deletions. Unlike existing approaches, Torque does not require knowledge of the
interconnections among the query proteins. It can handle large
queries of up to 25 proteins.

Falk Hüffner:
Algorithm engineering for optimal graph bipartization.
Journal of Graph Algorithms and Applications, 13(2):77–98, 2009
(original publication).
[show abstract]
Abstract.
We examine exact algorithms for the NPhard Graph
Bipartization problem. The task is, given a graph, to find a
minimum set of vertices to delete to make it bipartite. Based on the
“iterative compression” method introduced by Reed, Smith, and
Vetta in 2004, we present new algorithms and experimental results.
The worstcase time complexity is improved. Based on new structural
insights, we give a simplified and more intuitive correctness proof. This
also allows to establish a heuristic improvement that in particular speeds
up the search on dense graphs. Our best algorithm can solve all instances
from a testbed from computational biology within minutes, whereas
established methods are only able to solve about half of the instances
within reasonable time.

Falk Hüffner:
Parametrisierte Ansätze für schwere Graphprobleme: Algorithmen und Experimente.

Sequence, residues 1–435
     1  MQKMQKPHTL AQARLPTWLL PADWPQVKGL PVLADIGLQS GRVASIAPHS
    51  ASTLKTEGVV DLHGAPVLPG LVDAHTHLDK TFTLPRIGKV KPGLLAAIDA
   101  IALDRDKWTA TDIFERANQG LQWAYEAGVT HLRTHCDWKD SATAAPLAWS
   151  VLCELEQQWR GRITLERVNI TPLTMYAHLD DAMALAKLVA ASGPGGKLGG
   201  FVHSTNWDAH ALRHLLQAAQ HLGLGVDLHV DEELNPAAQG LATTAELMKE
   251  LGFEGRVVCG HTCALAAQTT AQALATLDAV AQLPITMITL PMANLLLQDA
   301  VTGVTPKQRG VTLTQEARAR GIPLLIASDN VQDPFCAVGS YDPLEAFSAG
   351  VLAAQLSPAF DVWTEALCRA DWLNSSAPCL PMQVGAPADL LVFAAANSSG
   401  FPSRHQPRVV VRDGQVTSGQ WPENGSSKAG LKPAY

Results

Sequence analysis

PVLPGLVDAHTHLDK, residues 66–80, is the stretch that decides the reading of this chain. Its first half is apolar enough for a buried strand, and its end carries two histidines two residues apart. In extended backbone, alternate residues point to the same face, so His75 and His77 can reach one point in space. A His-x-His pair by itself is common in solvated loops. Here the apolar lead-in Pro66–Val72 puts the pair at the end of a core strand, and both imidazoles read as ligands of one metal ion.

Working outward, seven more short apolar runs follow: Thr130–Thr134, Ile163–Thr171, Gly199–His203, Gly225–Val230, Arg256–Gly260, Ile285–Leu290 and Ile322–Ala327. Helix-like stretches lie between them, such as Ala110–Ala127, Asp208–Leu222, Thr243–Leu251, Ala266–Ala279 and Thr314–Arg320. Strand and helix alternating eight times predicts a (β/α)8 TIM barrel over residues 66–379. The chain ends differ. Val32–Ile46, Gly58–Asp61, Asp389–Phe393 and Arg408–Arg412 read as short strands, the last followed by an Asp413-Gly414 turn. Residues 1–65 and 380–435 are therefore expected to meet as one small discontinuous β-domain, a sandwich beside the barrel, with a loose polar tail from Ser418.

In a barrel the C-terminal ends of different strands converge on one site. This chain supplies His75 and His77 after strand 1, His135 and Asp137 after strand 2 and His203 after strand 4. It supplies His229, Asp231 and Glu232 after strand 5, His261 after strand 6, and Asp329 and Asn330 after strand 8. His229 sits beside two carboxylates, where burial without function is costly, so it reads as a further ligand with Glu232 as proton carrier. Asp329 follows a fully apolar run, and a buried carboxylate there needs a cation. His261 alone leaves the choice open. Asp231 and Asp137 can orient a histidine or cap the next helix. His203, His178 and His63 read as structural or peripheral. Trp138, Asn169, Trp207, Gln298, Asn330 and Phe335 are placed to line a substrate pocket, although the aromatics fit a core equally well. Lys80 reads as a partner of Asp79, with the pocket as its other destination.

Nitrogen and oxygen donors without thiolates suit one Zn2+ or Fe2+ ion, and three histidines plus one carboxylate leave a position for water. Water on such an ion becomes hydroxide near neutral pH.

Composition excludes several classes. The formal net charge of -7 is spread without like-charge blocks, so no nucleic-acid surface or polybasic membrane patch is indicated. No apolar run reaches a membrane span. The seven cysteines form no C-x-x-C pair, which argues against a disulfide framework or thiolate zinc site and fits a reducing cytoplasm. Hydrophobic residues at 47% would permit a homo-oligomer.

it – Information Technology, 51(3):171–174, 2009
(original publication).

Falk Hüffner,
Christian Komusiewicz,
Hannes Moser, and
Rolf Niedermeier:
Isolation concepts for clique enumeration: comparison and computational experiments.
Theoretical Computer Science, 410(52):5384–5397, 2009
(original publication).
[show abstract]
Abstract.
We do computational studies concerning the enumeration of
isolated cliques in graphs. Isolation, as recently introduced,
measures the degree of connectedness of the cliques to the rest
of the graph. Isolation helps both in getting faster algorithms
than for the enumeration of maximal general cliques and in
filtering out cliques with special semantics. We compare three